It was a long slow trip and I tried to think of just the right things to say when I got there.  I think it was early afternoon when I arrived in Memphis and I carried my B-4 bag off the train wondering where I should go to get the train to Little Rock.  Then I saw her a little way down the platform.  She was prettier than I had remembered.  I really don’t remember much about that meeting except that we were together.

    Somehow we found our way to the Little Rock train and sat as close together as possible till we reached Little Rock.  When we got there, her folks were there to greet us, and someone handed me a little girl.  She was the prettiest baby ever, nothing compared to the mean little kid in the six weeks old picture I had carried around for the past six months.  Even Lois’ dad greeted me like he meant it.  Probably because the papers all referred to us as the war heroes.  Even though I didn’t deserve the title it worked for him.

    Lynn took a lot of getting used to.  It was different.  I didn’t know whether to be afraid of her or what.  I tried to cradle her in my arms, but she reared back and let me know that she was almost eleven months old and had a mind of her own.  I figured I’d watch Lois for a few days to see how to handle things, which wasn’t the hardest thing to do anyway.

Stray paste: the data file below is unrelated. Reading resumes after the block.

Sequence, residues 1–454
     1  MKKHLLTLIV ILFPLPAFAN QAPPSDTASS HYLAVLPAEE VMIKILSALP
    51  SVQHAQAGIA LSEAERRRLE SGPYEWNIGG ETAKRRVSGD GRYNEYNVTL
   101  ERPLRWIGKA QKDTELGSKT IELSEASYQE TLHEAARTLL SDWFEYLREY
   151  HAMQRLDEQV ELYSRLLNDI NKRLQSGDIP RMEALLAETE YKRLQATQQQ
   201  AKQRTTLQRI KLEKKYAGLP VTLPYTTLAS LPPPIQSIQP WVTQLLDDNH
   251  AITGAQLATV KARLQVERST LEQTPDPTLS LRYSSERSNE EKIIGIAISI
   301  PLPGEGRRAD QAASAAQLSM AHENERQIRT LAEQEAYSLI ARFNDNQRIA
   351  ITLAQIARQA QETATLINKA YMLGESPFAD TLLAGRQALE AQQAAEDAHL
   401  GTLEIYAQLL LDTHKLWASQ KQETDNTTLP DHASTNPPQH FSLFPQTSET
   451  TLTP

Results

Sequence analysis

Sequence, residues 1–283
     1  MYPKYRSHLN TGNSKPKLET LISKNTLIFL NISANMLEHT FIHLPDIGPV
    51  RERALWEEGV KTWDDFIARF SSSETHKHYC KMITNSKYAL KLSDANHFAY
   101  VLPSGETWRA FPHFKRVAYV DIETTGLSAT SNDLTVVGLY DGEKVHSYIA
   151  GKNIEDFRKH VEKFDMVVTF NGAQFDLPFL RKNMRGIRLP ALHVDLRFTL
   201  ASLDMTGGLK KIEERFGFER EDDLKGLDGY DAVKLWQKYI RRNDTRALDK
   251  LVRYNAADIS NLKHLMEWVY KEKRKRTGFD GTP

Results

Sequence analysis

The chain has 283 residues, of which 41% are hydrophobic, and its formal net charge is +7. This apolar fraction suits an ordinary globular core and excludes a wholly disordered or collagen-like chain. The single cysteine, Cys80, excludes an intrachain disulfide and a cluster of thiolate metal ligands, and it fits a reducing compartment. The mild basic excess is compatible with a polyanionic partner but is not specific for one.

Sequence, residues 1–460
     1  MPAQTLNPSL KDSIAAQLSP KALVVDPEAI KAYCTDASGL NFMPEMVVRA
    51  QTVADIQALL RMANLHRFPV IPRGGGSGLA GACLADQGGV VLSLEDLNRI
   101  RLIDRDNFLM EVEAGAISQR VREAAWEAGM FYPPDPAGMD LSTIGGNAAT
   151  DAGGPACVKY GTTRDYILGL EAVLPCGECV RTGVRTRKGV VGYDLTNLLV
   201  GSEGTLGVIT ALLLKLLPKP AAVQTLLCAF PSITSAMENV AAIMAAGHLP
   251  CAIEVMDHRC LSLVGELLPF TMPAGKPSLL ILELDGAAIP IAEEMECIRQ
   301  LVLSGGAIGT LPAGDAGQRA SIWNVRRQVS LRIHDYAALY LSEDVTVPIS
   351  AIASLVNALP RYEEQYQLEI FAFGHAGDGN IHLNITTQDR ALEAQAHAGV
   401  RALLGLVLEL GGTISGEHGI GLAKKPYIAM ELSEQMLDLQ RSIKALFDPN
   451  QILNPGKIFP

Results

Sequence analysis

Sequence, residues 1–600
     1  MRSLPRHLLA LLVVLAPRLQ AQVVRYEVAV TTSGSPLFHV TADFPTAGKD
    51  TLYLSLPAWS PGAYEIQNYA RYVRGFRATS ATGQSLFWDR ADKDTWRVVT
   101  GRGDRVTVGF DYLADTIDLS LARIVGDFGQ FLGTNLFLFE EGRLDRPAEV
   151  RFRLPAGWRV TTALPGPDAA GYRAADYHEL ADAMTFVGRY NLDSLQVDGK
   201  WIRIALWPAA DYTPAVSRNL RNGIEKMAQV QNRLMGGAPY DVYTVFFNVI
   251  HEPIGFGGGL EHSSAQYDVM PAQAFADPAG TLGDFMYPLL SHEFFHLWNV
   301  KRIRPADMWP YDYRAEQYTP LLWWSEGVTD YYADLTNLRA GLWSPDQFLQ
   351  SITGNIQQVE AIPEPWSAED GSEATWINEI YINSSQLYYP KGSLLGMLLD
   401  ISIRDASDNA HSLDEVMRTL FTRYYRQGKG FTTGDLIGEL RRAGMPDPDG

I was home now and another chapter in my life was about to begin."

 


*Camp Lucky Strike was located near Saint-Valéry-en-Caux in Seine-Maritime (Normandy). Here is all what remains of Lucky Strike: a building and a small airstrip for leisure aircrafts. The camp who once hosted 100,000 soldiers was leveled after WWII and returned to cultivation.

Camp Lucky Strike
© armées.com

 

Camp Lucky Strike
© armées.com

 

Eighty nine American soldiers were killed on January 17, 1945 when a train failed to stop and drove through nearby Saint-Valéry terminal railway station. A plaque on the new railway station commemorate the sacrifice of these men who came all the way from the United States to fight for the freedom of Europe.

: ©armées.comPlaque commémorative St Valéry en Caux
"In Memory of the American soldiers who came to liberate the soil of France and died accidentally in Saint Valéry en Caux on January 17, 1945.
50th anniversary of the liberation September 11, 1994"

 

: ©armées.com
Gare de Saint Valéry en Caux
Saint-Valéry railway station in 2011

 

Chapter 1: Barksdale Field

Chapter 2: England

Chapter 3: Captivity

Chapter 4: Sagan

Chapter 5: The March

Chapter 6: Moosburg

Chapter 7: Liberation